“Unlike electronics, optics still lacks efficiency in required components for computing and signal processing, which has been a major barrier for unlocking the potentials of optics for ultrafast and efficient computing schemes,” Alireza Marandi, lead researcher for the study, told “In the past few decades, substantial efforts have been dedicated to developing all– that could address this challenge, but most of the energy-efficient designs suffered from slow switching times, mainly because they either used high-Q resonators or carrier-based nonlinearities.”

Aug 10, 2022

Flying Sub Deluxe Edition

Posted by in categories: electronics, transportation

Steven PostrelIrwin Allen called…

When producer Irwin Allen’s popular television series Voyage to the Bottom of the Sea debuted its second season on ABC in September, 1965, viewers would note some exciting changes and additions to the show. Voyage was now broadcast in color, the nuclear submarine Seaview had been modified into a sleeker, four-windowed look, and the show would feature an important new star: the Flying Sub, a vehicle that flies through the air at incredible speeds and submerges to travel underwater at great depths.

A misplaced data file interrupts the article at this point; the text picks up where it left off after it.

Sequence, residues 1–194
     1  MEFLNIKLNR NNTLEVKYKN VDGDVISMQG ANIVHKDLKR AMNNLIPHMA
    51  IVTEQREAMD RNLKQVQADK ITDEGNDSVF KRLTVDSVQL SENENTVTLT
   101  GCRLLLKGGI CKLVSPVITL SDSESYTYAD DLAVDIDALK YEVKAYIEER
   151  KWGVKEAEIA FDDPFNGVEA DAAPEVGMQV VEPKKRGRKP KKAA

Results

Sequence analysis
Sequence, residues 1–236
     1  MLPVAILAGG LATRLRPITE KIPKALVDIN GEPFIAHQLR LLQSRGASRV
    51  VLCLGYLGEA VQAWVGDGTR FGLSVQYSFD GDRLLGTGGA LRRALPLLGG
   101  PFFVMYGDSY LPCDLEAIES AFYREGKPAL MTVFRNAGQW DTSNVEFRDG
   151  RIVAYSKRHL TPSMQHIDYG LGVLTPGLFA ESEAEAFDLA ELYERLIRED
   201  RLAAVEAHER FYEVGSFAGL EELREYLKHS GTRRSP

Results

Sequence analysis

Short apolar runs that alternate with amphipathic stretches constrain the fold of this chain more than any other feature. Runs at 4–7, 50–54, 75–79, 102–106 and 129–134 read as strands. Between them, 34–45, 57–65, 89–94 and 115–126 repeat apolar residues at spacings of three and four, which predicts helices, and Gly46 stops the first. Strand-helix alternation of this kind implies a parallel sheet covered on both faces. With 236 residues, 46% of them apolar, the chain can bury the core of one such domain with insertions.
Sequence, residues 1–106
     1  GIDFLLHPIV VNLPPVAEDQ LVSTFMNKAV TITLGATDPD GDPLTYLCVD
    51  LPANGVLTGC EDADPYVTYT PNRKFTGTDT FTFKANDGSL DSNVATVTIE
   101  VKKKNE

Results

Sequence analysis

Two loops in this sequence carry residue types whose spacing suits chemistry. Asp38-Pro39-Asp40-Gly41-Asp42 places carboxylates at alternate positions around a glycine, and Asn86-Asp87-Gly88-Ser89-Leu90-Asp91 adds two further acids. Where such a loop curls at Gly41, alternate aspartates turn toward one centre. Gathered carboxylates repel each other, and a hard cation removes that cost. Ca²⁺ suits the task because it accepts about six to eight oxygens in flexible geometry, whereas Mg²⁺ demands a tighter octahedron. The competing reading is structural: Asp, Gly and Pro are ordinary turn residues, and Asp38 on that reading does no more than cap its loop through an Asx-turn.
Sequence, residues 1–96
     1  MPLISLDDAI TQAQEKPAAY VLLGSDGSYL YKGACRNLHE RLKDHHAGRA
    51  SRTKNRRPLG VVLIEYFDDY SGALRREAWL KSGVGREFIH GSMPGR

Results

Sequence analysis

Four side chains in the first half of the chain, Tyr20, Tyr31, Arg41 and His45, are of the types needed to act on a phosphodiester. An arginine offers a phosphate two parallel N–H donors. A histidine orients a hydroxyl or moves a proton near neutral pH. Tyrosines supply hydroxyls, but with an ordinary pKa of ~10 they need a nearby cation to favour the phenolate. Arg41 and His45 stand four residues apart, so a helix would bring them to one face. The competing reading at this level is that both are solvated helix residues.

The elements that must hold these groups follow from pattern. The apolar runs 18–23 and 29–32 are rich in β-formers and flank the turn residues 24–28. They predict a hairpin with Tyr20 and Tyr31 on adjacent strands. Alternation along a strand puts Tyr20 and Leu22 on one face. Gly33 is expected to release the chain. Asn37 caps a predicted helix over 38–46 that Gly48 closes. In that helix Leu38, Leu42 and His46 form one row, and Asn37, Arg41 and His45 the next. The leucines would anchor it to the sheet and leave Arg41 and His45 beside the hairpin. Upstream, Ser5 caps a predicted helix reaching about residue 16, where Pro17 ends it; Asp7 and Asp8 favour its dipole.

The Flying Sub (also referred to as the FS-1) quickly became a signature element of the show, featured in almost every episode not only as a quick transport from the Seaview to land, but as an underwater exploration and defense vehicle that could dock at underwater research laboratories or on other submarines, and do battle with the menagerie of undersea monsters that threatened the Seaview. With its upswept, manta ray-like shape, vivid yellow-and-blue paint scheme, twin stabilizer fins, upper and lower hatches, gleaming headlights and the large forward windows that allowed viewers to actually see Admiral Nelson and Captain Crane (or at least miniature figures of them) at the controls of the craft, the Flying Sub became one of the most familiar and unique sights on ABC television in the 1960s, adding action and excitement to a TV show already overflowing with visual wonders.